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THE BRAINS OF JAZZ AND CLASSICAL MUSICIANS RESPOND DIFFERENTLY TO SURPRISING SOUNDS

Dec 12, 2017

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Can creativity be taught? Not directly, perhaps. But if such a curriculum exists, it would train one's brain to regard unforeseen occurrences as potential springboards, rather than disturbing anomalies.

Fortunately, there is at least one type of specialized training that shapes neural activity in precisely that way. Its students aspire to be the next Miles, Mingus, or Monk.

In a new, small-scale study, a Wesleyan University research team led by Psyche Louiand Emily Przysinda report the brains of jazz musicians are uniquely attuned to surprising sounds. Electronic monitoring revealed these players have "markedly different neural sensitivity to unexpected musical stimuli," the researchers write.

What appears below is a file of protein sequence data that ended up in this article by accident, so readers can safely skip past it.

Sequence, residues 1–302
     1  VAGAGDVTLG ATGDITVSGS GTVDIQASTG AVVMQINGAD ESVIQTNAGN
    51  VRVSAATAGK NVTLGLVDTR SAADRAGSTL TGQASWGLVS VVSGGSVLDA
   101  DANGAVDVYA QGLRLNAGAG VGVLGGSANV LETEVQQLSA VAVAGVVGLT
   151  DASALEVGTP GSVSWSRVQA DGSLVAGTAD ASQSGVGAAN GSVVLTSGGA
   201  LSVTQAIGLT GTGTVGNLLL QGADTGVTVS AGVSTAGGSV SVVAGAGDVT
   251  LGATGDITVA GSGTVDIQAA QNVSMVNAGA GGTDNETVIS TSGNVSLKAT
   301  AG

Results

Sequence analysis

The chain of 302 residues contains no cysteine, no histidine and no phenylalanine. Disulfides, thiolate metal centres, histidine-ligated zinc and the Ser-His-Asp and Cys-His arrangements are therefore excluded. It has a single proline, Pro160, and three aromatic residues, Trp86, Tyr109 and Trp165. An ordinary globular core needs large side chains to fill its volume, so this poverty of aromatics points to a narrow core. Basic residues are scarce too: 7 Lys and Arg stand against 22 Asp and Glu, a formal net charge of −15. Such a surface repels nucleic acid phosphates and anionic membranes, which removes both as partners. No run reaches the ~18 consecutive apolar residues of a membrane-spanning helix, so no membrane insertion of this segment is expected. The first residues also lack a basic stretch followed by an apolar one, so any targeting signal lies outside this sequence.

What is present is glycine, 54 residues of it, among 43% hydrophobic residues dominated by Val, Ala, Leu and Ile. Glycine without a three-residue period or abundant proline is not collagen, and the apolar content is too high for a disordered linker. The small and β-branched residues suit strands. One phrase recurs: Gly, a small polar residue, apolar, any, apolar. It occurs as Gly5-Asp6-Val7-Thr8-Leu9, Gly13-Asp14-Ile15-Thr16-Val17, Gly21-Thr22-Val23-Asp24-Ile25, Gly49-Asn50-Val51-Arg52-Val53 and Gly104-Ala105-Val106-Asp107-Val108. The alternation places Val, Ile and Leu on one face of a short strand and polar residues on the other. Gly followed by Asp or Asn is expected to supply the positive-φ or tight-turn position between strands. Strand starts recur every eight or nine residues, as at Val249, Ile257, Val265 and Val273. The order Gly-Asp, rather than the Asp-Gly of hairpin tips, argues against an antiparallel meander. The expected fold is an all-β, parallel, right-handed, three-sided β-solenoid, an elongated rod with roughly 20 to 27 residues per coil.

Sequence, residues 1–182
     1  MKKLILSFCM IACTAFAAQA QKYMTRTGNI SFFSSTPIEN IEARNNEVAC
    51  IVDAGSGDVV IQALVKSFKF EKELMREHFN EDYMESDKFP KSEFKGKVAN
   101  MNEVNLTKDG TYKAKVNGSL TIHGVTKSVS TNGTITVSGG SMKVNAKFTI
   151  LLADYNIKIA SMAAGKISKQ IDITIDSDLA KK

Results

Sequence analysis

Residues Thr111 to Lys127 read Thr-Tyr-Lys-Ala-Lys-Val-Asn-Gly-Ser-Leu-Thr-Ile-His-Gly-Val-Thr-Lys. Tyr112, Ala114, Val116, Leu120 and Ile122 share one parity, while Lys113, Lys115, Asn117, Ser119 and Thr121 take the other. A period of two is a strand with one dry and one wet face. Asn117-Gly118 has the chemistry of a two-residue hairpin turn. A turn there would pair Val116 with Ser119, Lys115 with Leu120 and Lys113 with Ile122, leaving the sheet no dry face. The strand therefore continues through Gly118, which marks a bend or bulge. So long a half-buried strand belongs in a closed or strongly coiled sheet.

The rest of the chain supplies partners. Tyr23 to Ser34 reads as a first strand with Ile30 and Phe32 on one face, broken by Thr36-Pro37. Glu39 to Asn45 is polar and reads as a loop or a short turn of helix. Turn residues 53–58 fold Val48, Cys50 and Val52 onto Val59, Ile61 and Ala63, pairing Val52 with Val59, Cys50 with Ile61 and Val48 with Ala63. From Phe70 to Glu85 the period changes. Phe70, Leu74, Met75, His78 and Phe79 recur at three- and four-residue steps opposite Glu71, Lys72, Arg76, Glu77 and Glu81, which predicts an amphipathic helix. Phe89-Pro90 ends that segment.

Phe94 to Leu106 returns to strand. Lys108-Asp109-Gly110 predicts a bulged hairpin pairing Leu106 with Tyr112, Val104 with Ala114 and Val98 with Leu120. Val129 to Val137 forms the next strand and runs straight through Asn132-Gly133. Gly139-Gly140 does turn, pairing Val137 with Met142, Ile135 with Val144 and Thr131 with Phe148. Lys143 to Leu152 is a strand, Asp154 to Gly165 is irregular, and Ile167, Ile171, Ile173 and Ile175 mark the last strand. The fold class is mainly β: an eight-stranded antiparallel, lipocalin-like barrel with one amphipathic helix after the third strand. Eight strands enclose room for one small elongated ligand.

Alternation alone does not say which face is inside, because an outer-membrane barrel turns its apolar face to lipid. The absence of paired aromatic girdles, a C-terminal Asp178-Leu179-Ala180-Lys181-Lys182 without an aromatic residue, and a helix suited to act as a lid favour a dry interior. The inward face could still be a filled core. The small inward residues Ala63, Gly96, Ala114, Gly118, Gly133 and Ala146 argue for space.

These musicians are trained not only to anticipate unpredictable turns, but also to engage with them in a positive, creative way. That dynamic reflex stimulates creative thinking.

The study, in the journal Brain and Cognition, featured 36 students from Wesleyan University and the Hartt School of Music. Twelve were studying jazz (including improvisation), 12 classical music, and the final 12 were non-musicians. The classical and jazz students all had at least five years of musical training.

Read More: https://psmag.com/news/there-are-no-wrong-notes